Advocates Protest Tennessee Virtual Academy Closing

TN_virtual_academy

Hundreds of parents, students and educators took to the Tennessee state capitol earlier this week to promote the Tennessee Virtual Academy, the online public school that could face closure this summer due to low academic gains.

The closing was ordered by former state Education Commissioner Kevin Huffman last July. In order to avoid closing, the school needs to significantly increase academic gains made by the end of this year. In addition, the Tennessee General Assembly will need to renew the Virtual Public Schools Act, which allows online virtual schools to operate in the state.

School administrators feel the Department of Education has acted too swiftly in their decision to close the school, arguing that a number of public schools in the state have not been closed despite their poor academic performances.

“We just want to be treated fairly. We are an improving school,” said Josh Williams, head of the online virtual academy. “Our school is one of the fastest-performing schools. We made tremendous gains since last year,” he said.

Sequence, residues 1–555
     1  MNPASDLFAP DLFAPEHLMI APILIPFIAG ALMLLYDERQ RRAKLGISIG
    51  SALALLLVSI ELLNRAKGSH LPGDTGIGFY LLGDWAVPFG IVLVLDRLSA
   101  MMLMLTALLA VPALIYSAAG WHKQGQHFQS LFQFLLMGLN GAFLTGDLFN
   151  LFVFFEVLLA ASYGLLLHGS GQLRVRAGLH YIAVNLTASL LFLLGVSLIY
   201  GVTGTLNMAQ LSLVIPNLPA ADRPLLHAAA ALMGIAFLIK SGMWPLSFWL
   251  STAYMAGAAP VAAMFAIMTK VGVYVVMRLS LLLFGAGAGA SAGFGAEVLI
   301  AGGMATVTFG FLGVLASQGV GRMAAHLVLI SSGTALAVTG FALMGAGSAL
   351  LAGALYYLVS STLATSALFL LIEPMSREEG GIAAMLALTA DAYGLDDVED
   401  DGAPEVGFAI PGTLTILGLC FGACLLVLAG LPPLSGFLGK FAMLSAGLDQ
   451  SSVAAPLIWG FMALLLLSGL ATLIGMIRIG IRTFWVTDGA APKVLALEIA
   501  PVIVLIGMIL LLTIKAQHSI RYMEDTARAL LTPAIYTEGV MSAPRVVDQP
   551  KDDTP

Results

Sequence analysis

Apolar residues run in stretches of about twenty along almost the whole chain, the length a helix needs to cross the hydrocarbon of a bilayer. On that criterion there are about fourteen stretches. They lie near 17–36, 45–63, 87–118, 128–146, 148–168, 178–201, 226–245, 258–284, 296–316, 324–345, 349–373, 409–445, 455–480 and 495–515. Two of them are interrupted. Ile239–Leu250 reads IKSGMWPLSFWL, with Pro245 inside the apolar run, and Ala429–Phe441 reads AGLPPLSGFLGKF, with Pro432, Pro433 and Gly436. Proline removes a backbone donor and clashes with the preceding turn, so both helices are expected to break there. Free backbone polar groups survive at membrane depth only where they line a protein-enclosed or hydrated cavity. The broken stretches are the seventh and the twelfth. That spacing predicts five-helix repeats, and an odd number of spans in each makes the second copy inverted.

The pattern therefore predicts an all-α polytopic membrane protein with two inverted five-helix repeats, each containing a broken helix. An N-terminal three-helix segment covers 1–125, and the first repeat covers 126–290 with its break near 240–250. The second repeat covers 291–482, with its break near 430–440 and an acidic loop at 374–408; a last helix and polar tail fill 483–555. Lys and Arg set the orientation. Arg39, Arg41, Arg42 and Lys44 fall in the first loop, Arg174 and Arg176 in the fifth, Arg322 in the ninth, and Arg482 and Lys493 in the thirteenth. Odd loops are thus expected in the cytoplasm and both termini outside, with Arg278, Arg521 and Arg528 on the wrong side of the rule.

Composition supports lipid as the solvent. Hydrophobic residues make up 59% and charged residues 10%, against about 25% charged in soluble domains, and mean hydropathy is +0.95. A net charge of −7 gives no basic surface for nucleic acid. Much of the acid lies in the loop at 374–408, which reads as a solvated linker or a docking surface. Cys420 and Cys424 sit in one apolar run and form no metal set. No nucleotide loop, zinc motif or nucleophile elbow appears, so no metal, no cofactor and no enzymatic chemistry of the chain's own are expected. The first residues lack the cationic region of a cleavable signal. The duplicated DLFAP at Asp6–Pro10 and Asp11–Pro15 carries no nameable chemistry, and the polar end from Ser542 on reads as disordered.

The school enrolls 1,300 students from kindergarten through eighth grade.  The school uses curriculum from K12 Inc., the for-profit company that supplies curriculum to other online schools nationwide, writes Melanie Balakit for The Tennessean.

Since opening in 2011, the school has not been able to show academic performance beyond a “level 1,” which is the lowest on the scale of 1 to 5.  To remain open, the school will need to increase their score to a level 3 or higher.  The Tennessee Value-Added Assessment System is used to determine student learning gains through the comparison of student test scores on state assessment over a number of years.

Williams said the school has already initiated a number of programs set to improve upon student achievement, including more data-driven instruction, small group and individual sessions, and more communication between parents and teachers.

According to teachers and administrators at the school, a number of students already have special needs or are otherwise behind academically when they enroll at the school.

“Typically, a lot of students who come to us are at least one to two grade levels behind. And so, we’re kind of playing catch-up with them,” said Rebekah Chapman, a fifth-grade teacher at TNVA.  “Students for medical, social, behavioral reasons that just don’t thrive in a traditional public school system and they thrive in this one. The closing of the school would be detrimental to them,” Chapman said.

The school has already notified parents of the possible upcoming closure.  If it does happen, it is believed that parents will enroll their students into the public school available within their district.